Why U.S. Stocks Are Flashing Code Red

Episode #328 | September 25, 2023

Episode #328 | September 25, 2023

Why U.S. Stocks Are Flashing Code Red

In This Episode

On this week's Stansberry Investor Hour, Dan and Corey are joined by Joel Litman, the founder of our corporate affiliate Altimetry. Joel gives our listeners an in-depth explanation for his bearish outlook on U.S. equities and details why market conditions today are so concerning.

Dan and Corey kick off the podcast by discussing the latest Federal Reserve meeting, a recent study about what happens to stock price when artificial intelligence ("AI") gives answers at earnings calls instead of humans, and the emergence of a robot CEO for a rum company. Plus, they talk about AI in general – whether it will replace jobs, how it's similar to the advent of the Internet, and what the future could look like. As Corey says...

All kinds of stuff is going to happen in the next 10 years with AI. The more I hear about it, the less I think the [AI-related stocks are in] a bubble. There's something to it.

Next, Joel joins the conversation and gives the reasons for his growing bearish sentiment. He points out some significant red flags that have caught his and his fellow analysts' attention, including the historical pattern of a credit crisis preceding every major bear market. Joel explains that the current sentiment and valuation trends are heading in the wrong direction. Additionally, he observes signs of a credit breakdown that remind him of the 2008 financial crisis...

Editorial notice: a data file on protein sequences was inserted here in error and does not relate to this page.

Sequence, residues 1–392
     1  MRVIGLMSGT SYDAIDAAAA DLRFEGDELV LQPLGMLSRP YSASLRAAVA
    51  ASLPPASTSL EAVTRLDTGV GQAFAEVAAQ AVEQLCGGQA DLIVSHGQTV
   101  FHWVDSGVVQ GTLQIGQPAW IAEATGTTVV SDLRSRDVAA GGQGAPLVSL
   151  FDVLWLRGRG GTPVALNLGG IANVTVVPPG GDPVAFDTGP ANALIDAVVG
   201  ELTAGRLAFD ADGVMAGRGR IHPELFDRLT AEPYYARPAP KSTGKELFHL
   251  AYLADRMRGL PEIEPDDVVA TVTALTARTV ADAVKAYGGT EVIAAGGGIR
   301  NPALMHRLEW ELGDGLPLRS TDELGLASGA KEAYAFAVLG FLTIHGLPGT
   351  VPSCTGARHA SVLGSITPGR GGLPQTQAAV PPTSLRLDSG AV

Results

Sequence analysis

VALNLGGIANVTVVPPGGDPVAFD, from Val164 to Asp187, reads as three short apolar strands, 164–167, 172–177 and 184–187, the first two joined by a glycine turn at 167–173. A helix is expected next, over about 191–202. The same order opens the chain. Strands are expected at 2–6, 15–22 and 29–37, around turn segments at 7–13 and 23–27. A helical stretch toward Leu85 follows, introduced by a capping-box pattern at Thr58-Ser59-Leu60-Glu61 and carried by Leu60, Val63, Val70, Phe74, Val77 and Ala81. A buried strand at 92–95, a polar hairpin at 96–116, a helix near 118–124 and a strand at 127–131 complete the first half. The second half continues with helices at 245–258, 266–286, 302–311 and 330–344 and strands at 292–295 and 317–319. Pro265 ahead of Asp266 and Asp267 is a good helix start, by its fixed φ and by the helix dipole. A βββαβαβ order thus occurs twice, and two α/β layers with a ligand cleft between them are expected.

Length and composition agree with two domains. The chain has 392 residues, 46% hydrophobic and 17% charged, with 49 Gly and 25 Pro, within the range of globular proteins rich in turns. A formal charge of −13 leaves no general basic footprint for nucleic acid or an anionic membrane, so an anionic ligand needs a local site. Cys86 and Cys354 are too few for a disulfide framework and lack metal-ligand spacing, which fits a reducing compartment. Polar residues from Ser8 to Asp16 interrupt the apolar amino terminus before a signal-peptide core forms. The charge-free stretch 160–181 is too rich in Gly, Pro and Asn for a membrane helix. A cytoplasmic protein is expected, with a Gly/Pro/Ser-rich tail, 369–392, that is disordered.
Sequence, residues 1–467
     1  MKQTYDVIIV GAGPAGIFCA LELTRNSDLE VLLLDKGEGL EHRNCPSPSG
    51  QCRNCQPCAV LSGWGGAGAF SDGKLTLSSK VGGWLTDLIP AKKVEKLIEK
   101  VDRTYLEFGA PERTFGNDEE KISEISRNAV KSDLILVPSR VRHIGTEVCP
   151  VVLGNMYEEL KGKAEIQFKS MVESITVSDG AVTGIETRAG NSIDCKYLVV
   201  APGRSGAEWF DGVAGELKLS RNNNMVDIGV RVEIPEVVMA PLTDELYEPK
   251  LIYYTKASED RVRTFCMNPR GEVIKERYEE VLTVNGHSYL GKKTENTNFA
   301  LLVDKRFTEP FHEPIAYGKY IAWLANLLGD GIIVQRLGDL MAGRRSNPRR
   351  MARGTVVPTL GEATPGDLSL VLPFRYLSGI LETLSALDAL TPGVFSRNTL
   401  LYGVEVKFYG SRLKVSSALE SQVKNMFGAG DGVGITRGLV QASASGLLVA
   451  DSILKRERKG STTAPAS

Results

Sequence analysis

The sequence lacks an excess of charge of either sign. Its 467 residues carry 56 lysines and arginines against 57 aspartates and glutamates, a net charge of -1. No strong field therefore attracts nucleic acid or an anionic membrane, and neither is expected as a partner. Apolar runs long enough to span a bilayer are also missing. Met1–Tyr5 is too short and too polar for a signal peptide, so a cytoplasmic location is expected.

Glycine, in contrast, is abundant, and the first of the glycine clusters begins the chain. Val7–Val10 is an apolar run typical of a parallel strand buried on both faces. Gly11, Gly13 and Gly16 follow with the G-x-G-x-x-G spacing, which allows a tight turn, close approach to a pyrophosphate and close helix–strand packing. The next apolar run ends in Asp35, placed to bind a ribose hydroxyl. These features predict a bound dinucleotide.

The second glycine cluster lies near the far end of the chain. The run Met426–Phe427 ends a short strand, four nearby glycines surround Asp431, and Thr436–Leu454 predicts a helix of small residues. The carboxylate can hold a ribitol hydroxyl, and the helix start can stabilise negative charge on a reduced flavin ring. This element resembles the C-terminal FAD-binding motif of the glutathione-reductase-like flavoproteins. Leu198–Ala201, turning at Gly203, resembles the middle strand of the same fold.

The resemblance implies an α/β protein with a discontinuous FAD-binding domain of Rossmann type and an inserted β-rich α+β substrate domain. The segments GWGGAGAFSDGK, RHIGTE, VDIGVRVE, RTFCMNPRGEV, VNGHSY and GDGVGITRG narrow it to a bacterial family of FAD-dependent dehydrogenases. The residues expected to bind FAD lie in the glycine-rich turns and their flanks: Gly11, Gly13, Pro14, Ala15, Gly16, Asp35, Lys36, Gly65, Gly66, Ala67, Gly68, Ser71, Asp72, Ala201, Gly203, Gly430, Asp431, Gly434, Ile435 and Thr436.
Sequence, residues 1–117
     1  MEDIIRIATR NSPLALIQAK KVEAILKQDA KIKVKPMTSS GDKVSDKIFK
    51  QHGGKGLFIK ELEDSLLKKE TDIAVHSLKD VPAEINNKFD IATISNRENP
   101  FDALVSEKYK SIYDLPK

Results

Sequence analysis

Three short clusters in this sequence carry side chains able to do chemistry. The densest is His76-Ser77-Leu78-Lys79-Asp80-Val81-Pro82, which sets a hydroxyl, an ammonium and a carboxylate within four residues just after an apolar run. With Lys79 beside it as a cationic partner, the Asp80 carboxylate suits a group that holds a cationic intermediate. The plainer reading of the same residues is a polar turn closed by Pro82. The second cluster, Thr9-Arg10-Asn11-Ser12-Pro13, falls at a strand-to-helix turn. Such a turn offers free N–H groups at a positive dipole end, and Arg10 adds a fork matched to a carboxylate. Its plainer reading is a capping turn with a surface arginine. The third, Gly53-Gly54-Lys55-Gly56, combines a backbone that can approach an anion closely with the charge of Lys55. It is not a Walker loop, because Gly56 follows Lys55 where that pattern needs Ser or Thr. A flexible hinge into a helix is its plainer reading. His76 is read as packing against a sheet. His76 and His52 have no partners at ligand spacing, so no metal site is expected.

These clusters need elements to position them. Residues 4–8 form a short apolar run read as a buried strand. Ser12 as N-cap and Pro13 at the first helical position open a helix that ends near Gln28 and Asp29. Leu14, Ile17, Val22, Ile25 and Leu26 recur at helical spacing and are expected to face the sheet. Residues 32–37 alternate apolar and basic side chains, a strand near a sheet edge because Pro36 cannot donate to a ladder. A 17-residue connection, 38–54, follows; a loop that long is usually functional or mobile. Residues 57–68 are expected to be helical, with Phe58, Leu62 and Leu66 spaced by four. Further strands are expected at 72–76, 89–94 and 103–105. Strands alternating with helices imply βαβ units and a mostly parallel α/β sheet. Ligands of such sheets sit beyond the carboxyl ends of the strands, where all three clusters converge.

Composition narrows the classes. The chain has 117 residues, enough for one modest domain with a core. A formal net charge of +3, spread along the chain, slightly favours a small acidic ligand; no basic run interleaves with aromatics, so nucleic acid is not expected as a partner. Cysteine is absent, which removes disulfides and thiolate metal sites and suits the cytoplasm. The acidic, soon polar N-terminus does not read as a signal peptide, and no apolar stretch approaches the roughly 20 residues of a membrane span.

We're almost getting a combination of early 2020 red flags with early 2008/late 2007 red flags. That means it's not going to be a pretty 2024. We're very, very concerned.

Joel then moves on to the impact of high interest rates on the market. He explains that he and the folks at Altimetry employ "Uniform Accounting" principles, meaning they do not use the same price-to-earnings multiples as Bloomberg or CNBC. Instead, they perform their own calculations. Joel argues that, to control inflation, interest rates need to be maintained at a level higher than what Fed Chair Jerome Powell seems to favor. Though, he does doubt Powell will cut rates as aggressively as many investors are expecting...

[Inflation is] nowhere near down as much as [Powell would] like, and that means why not keep interest rates up to slow things down a bit? I don't see him cutting as much as market valuations are pricing in.

Finally, Joel discusses U.S. stocks being overallocated in investors' portfolios today and why this serves as a concerning indicator of market conditions. Plus, looking globally, he details why he finds Chinese and Russian stocks unattractive for investment.